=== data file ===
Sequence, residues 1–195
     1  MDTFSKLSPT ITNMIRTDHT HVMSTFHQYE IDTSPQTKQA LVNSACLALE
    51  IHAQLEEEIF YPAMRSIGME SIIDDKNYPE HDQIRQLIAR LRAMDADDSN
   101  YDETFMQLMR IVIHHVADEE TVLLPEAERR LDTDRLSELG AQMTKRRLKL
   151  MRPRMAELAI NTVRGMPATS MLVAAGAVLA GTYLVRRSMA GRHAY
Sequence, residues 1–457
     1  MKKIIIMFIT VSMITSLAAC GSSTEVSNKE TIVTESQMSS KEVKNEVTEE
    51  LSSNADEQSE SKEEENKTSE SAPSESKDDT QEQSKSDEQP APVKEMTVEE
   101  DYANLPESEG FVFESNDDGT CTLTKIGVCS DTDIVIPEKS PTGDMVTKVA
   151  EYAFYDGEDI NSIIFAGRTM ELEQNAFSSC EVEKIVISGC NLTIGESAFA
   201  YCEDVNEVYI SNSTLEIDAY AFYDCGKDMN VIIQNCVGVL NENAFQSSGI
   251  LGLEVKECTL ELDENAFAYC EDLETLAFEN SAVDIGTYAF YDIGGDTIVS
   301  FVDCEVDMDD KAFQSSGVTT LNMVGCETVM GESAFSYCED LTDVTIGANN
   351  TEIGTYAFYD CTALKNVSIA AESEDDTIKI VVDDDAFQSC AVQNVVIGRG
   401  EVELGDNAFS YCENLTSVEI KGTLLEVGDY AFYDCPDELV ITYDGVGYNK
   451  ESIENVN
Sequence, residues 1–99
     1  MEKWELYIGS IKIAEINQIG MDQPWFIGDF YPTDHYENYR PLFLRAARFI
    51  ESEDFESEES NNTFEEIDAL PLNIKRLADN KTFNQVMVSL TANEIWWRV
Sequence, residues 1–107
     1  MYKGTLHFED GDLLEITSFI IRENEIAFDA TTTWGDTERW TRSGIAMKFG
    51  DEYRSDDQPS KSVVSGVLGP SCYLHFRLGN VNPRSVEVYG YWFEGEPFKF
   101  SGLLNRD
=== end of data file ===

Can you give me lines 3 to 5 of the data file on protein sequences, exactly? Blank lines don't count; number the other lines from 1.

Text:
    51  IHAQLEEEIF YPAMRSIGME SIIDDKNYPE HDQIRQLIAR LRAMDADDSN
   101  YDETFMQLMR IVIHHVADEE TVLLPEAERR LDTDRLSELG AQMTKRRLKL
   151  MRPRMAELAI NTVRGMPATS MLVAAGAVLA GTYLVRRSMA GRHAY